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To This Day By: Shane Koyczan

Love this poem! :')
by

Jordan Laffin

on 23 March 2013

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Transcript of To This Day By: Shane Koyczan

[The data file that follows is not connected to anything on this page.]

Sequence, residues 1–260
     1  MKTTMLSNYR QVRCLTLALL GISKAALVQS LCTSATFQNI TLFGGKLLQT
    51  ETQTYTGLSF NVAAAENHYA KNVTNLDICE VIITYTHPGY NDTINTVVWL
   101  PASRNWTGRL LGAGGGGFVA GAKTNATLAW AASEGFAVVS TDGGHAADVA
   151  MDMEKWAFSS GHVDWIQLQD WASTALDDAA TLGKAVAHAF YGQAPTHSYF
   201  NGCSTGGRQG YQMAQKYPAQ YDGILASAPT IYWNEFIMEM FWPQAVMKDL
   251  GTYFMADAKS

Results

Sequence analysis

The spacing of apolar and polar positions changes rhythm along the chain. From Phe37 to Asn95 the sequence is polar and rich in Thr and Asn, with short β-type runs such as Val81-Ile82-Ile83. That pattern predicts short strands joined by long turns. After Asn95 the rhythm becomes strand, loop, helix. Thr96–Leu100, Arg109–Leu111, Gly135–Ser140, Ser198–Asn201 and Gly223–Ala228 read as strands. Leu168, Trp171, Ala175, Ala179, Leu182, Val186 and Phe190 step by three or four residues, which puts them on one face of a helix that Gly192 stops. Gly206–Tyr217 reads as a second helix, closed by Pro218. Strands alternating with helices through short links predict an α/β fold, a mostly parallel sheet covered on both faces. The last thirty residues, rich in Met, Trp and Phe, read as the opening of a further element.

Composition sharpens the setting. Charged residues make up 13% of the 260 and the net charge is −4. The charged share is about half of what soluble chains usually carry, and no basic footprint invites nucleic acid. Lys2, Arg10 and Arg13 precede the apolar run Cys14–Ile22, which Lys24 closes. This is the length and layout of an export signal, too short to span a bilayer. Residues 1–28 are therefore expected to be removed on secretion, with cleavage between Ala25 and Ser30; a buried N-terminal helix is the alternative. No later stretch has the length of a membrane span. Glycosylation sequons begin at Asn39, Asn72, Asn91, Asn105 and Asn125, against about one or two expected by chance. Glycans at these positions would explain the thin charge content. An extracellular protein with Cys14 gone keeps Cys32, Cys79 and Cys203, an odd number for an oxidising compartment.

Shane Koyczan To This Day When I was a kid, I used to think that pork chops and karate chops were the same thing. I thought they were both pork chops. And because my grandmother thought it was cute and because they were my favourite, she let me keep doing it. Not really a big deal. One day, before I realized fat kids are not designed to climb trees, I fell out of a tree and bruised the right side of my body. I didn't want to tell my grandmother about it because I was scared I'd get in trouble for playing somewhere that I shouldn't have been. A few days later the gym teacher noticed the bruise and I got sent to the principal's office. From there I was sent to another small room with a really nice lady who asked me all kinds of questions about my life at home. I saw no reason to lie. As far as I was concerned life was pretty good I told her, "Whenever I'm sad my grandmother gives me karate chops." This led to a full scale investigation and I was removed from the house for three days...until they finally decided to ask how I got the bruises. News of this silly little story quickly spread through the school and I earned my first nickname: Pork Chop. To this day...I hate pork chops. I'm not the only kid who grew up this way. Surrounded by people who used to say that rhyme...about sticks and stones. As if broken bones hurt more than the names we got called, and we got called them all. So we grew up believing no one would ever fall in love with us. That we'd be lonely forever. That we'd never meet someone to make us feel like the sun was something they built for us in their tool shed. So broken heart strings bled the blues as we tried to empty ourselves so we would feel nothing. Don't tell me that hurts less than a broken bone. That an ingrown life is something surgeons can cut away. That there's no way for it to metastasize, it does. She was eight years old. Our first day of grade three when she got called "ugly." We both got moved to the back of class so we would stop getting bombarded by spit balls. But the school halls were a battleground where we found ourselves outnumbered day after wretched day. We used to stay inside for recess because outside was worse. Outside we'd have to rehearse running away or learn to stay still like statues giving no clues that we were there. In grade five they taped a sign to the front of her desk that read "Beware of Dog." To this day despite a loving husband, she doesn't think she's beautiful because of a birthmark that takes up a little less than half her face. Kids used to say "She looks like a wrong answer someone tried to erase, but couldn't quite get the job done." And they'll never understand that she's raising two kids whose definition of beauty begins with the word "Mom." Because they see her heart before they see her skin. Because she's only ever always been amazing. He was a broken branch grafted onto a different family tree. Adopted, but not because his parents opted for a different destiny. He was three when he became a mixed drink of one part left alone and two parts tragedy. Started therapy in eighth grade. Had a personality made up of tests and pills. Lived like the uphills were mountains and the downhills were cliffs. Four fifths suicidal, a tidal wave of anti-depressants, and an adolescence of being called "Popper." One part because of the pills, ninety-nine parts because of the cruelty. He tried to kill himself in grade ten when a kid who could still go home to mom and dad had audacity to tell him "get over it." As if depression is something that can be remedied by any of the contents found in a first aid kit. To this day he is a stick of TNT lit from both ends, could describe to you in detail the way the sky bends in the moments before it's about to fall and despite an army of friends who all call him an inspiration, he remains a conversation piece between people who can't understand sometimes being drug free has less to do with addiction and more to do with sanity. We weren't the only kids who grew up this way. To this day kids are still being called names. The classics were "Hey, Stupid", "Hey, Spaz." Seems like every school has an arsenal of names getting updated every year and if a kid breaks in a school and no one around chooses to hear do they make a sound? Are they just background noise from a soundtrack stuck on repeat when people say things like "kids can be cruel"? Every school was a big top circus tent and the pecking order went from acrobats to lion tamers, from clowns to carnies. All of these were miles ahead of who we were. We were freaks. Lobster claw boys and bearded ladies. Oddities, juggling depression and loneliness, playing Solitare, Spin the Bottle. Trying to kiss the wounded parts of ourselves and heal. But at night, while the others slept, we kept walking the tightrope. It was practice and yeah, some of us fell. But I want to tell them that all of this is just debris, leftover when we finally decide to smash all the things we thought we used to be. If you can't see anything beautiful about yourself, get a better mirror. Look a little closer. Stare a little longer. Because there's something inside you that made you keep trying despite everyone who told you to quit. You built a cast around your broken heart and signed it yourself. You signed it, "they were wrong." Because maybe you didn't belong to a group or a clique. Maybe they decided to pick you last for basketball or everything. Maybe you used to bring bruises and broken teeth to show and tell, but never told because how can you hold your ground if everyone around you wants to bury you beneath it? You have to believe that they were wrong. They have to be wrong. Why else would we still be here? We grew up learning to cheer on the underdog because we see ourselves in them. We stem from a root planted in the belief that we are not what we were called. We are not abandoned cars stalled out and sitting empty on some highway. And if in some way we are, don't worry. We only got out to walk and get gas. We are graduating members from the class of "we made it." Not the faded echoes of voices crying out "names will never hurt me." Of course, they did. But our lives will only ever always continue to be a balancing act that has less to do with pain...and more to do with beauty.